• Notice your thoughts, words and not just actions. For example, do you tell lots of ‘dirty’ jokes that could be offensive to others?
  • The best explanation I’ve heard for how to contemplate bramacharya recently, is this: ‘Am I using my sexual energy in a way that celebrates the divine in me and the divine in others or not?’ If you’re not, have a good think about the reasons behind this – warning, this stuff tends to be pretty deep!

Aparigraha – non-grasping

  • Similar to asteya (non-stealing), grasping or greedy behaviour comes from a sense of lack. We cling on to things that we think we need to feel good about ourselves, when in fact we have all we need already, inside us.
  • Try de-cluttering your house and putting unwanted goods up for grabs on Freecycle or similar, or sending to a charity shop.
  • Try also de-cluttering your mind by throwing out unwanted negative beliefs about lack and not having enough.  It is often said that ‘you get what you give’, i.e. the more you give out (e.g. time, money, teaching, love, friendship, gifts of all types) the more these things flow right back to you. I have also heard ‘whatever you lack, give out’, which is an interesting one to consider.
  • In your practice are you always ‘grasping’ for the more difficult posture? Try changing your attitude and being happy with wherever you are, right now – it’s exactly where you should be.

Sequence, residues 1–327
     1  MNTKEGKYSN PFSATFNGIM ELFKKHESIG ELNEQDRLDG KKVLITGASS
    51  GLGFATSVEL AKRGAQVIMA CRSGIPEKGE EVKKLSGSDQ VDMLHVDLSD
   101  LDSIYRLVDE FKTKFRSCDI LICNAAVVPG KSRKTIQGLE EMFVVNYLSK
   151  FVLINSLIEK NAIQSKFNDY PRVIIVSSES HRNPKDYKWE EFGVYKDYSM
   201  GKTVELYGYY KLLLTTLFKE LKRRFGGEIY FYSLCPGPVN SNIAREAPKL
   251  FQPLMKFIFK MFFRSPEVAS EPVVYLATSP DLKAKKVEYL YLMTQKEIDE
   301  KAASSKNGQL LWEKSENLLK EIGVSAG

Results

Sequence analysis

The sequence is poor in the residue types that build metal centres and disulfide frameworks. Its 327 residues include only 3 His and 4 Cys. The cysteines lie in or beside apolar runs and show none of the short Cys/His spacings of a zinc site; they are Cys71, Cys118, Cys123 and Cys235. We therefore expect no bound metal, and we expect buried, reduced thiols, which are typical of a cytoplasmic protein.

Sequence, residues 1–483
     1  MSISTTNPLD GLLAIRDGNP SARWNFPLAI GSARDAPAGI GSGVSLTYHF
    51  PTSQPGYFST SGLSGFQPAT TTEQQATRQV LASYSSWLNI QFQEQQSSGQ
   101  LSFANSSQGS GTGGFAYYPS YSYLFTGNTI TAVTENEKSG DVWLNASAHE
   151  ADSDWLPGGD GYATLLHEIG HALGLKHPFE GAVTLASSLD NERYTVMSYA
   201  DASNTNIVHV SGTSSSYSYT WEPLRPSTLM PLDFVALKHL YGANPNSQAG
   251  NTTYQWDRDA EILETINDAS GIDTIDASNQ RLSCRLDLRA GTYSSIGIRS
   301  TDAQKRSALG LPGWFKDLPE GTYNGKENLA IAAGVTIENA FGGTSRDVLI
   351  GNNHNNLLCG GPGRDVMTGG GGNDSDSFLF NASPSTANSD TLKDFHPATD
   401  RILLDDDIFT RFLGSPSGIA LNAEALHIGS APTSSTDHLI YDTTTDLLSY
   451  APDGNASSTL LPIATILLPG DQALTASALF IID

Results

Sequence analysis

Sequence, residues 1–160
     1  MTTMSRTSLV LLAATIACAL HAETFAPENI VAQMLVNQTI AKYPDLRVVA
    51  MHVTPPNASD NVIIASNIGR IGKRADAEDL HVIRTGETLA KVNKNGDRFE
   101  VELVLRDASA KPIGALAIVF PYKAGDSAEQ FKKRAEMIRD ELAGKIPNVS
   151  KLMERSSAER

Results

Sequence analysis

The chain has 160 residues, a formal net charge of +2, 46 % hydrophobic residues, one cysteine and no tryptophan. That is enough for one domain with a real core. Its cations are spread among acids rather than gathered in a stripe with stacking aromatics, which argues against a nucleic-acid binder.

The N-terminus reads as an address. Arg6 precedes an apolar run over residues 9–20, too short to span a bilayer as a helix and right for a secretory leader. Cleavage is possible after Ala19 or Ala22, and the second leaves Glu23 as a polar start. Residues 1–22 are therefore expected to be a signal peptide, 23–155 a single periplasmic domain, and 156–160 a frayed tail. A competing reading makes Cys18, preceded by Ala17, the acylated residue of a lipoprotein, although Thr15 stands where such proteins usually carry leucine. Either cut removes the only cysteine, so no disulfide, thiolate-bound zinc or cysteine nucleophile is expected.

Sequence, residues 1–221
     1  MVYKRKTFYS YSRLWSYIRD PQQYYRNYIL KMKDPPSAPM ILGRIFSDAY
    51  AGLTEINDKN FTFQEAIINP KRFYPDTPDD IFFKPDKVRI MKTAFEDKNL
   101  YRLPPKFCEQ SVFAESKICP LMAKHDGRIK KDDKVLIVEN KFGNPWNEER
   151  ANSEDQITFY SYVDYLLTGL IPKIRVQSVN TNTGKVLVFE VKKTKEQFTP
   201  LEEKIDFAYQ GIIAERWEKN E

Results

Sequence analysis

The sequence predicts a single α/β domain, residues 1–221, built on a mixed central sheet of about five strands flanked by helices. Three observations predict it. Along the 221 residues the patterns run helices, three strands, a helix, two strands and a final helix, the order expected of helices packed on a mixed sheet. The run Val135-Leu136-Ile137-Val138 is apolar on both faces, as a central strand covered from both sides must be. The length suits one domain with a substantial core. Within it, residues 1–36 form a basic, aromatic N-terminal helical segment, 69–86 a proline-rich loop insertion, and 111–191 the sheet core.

So there are just some ideas off the top of my head, but really the possibilities to enhance our lives and develop ourselves positively that are held within each one are enormous. I would recommend focusing on one for a week, or maybe a few weeks. Begin each day by bringing the principle to mind, and how you would like to reflect it in an ideal view of yourself, then go about your daily business, but keep checking in with the yama in focus.  For each thought, word or deed, you can pause and consider: ‘is this in line with xxx?’ At the end of the day, review how the day could have gone better had you made different choices more aligned to the yama in question, and congratulate yourself for situations where your yama focus helped you to make a more positive choice.  And good luck – breaking old patterns is hard, but just having the intention to change means that change will happen, so keep on trucking!

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This entry was posted in Mindfulness, Patanjali, Positivity, Yoga, yoga philosophy and tagged , . Bookmark the permalink.

One Response to Bringing the yamas into daily life

  1. Pingback: Bringing the niyamas to life – Saucha | frond yoga with Becky May